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( Comet Machholz 2, Jim Scotti 9/9/94)


By Barbara Sprungman

An ideal way to introduce students to comets is to provide them with a "hands-on" astronomical experience.


Thanks to the culinary genius of Dennis Schatz, Associate Director and Director of Education for Seattle's famous Pacific Science Center, you can actually create your own comet! Dennis has generously allowed this home page to reprint his successful comet recipe.

Dr. Robert Chapman and Dr. Lynn Bondurant describe the composition of a comet in their publication Comet Halley Returns (listed under Resources) as follows: "In the early 1950's, Dr. F. L. Whipple of the Harvard College Observatory presented a picture of comets that, with some minor modifications, is accepted today. Whipple proposed that the nucleus of a comet is in effect a dirty iceberg, a large mass of frozen water, methane, ammonia, carbon dioxide, and other constituents, in which is embedded meteor-like solid particles of various sizes."

The "Making a Comet in the Classroom" recipe produces a model of this unusually cratered object that definitely looks like it came from outer space. Be sure to take safety precautions when holding the comet -- this is really a "gloves-on" rather than a "hands-on" activity.

Barbara Sprungman, a credentialed teacher and space science education writer, is an associate of Space Data Resources & Information in Washington, D.C.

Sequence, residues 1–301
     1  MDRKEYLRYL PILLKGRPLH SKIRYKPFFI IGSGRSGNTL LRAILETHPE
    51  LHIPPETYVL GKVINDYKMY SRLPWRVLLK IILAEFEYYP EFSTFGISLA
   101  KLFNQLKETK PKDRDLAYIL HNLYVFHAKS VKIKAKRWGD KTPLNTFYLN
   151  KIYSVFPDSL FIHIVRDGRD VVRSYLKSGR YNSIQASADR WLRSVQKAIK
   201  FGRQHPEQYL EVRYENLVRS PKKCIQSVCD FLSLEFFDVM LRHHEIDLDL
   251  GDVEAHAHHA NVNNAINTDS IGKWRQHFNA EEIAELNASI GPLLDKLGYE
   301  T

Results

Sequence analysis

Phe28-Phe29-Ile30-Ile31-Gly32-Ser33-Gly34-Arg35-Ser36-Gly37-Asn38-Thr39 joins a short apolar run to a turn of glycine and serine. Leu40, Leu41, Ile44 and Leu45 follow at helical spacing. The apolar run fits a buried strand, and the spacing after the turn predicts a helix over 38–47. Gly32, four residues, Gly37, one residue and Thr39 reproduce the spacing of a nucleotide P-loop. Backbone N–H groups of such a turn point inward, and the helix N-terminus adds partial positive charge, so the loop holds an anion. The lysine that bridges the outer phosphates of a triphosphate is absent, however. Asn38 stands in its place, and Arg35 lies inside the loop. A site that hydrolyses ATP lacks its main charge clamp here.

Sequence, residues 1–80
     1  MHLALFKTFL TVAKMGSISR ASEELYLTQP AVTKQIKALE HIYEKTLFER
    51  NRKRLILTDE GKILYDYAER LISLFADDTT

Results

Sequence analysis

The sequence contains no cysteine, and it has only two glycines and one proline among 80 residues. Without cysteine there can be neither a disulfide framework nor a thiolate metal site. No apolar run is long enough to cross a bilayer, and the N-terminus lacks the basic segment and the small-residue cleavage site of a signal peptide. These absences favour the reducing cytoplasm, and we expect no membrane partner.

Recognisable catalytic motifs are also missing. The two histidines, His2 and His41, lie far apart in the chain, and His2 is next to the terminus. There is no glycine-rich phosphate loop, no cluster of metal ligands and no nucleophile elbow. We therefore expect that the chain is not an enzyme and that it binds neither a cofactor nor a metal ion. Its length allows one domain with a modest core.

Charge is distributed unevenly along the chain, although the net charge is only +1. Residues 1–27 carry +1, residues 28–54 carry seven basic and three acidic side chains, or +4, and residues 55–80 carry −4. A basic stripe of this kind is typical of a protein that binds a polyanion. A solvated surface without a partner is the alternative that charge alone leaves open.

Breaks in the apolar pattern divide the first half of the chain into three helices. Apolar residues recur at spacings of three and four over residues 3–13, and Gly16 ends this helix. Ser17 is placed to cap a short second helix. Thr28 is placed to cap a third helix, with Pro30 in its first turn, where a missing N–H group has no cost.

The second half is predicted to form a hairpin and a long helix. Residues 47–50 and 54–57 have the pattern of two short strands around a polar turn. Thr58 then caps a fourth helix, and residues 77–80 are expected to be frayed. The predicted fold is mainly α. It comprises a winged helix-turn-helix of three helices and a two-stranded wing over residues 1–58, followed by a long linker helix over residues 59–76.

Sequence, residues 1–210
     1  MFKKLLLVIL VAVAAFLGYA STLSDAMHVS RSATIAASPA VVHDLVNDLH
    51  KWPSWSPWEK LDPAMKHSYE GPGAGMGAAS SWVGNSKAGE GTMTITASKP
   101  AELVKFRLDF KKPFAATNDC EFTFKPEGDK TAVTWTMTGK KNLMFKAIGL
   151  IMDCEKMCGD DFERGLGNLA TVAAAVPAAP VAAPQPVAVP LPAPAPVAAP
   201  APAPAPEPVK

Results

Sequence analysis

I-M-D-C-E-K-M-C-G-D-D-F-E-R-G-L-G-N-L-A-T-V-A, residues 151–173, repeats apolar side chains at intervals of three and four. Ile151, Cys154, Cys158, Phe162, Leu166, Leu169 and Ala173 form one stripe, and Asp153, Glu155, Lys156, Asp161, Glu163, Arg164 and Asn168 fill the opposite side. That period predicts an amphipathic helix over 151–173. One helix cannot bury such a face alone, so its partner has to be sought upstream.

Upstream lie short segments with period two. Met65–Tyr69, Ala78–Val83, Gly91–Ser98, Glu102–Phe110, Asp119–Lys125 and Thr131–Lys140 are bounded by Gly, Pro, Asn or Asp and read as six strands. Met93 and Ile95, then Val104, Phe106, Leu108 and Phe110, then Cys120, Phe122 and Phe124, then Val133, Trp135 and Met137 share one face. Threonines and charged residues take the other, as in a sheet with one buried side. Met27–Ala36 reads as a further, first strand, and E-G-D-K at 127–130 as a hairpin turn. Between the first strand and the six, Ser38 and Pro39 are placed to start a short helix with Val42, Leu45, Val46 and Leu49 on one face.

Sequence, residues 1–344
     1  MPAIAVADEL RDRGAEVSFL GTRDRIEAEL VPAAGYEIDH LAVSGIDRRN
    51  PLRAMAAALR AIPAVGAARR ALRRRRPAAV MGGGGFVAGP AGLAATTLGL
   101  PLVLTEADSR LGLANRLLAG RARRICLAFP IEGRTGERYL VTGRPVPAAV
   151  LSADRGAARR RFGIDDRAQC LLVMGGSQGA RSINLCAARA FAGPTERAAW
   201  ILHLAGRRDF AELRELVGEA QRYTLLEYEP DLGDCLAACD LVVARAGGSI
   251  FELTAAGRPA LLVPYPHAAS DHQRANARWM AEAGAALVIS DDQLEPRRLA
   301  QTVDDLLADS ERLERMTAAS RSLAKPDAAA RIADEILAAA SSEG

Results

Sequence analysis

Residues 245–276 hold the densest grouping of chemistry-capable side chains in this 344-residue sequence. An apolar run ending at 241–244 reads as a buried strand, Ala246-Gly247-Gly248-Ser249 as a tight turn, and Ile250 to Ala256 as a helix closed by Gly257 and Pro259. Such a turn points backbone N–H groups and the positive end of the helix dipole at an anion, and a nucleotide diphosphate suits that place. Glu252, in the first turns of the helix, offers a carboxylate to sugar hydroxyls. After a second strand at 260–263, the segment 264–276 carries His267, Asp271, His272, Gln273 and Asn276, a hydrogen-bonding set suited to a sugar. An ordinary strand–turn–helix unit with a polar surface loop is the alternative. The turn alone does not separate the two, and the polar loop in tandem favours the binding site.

For younger students, Comets, Asteroids, and Meteors, a New True Book from Childrens Press of Chicago by Dennis B. Fradin sells for $3.95.

Did Comets Kill the Dinosaurs? is a Dell Yearling Nonfiction book from Isaac Asimov's Library of the Universe series published in 1988 that sells for $4.95.

For students 9-14 years old, The Return of the Comet by Dennis Schatz is a teacher/parent guide that sells for $5 including shipping and handling from the Pacific Science Center Gift Shop, 200 2nd Avenue North, Seattle, WA 98109, or call (206) 443-2870.

The Comet Book by Robert D. Chapman and John C. Brandt is a popular book for older elementary students through adults that was published by Jones and Bartlett Publishers of Boston in 1984.

Comet Halley Returns: A Teachers' Guide, by Dr. R. Lynn Bondurant, Jr. and Dr. Robert D. Chapman, was published for the return of Halley's Comet in 1985-86, but contains a wealth of information on important concepts about comets, including their historical significance, as well as a number of activities for the classroom. Public libraries and NASA Teacher Resources Centers will likely have copies that can be duplicated of this NASA publication.


The Comets Poster explores both the science and mythology of comets, and is also $9.95. Both are available from the Astronomical Society of the Pacific, 390 Ashton Avenue, San Francisco, CA 94112, or call (415) 337-2624.


By Dennis Schatz
Pacific Science Center, Seattle, Washington

Copyright 1985 by Dennis Schatz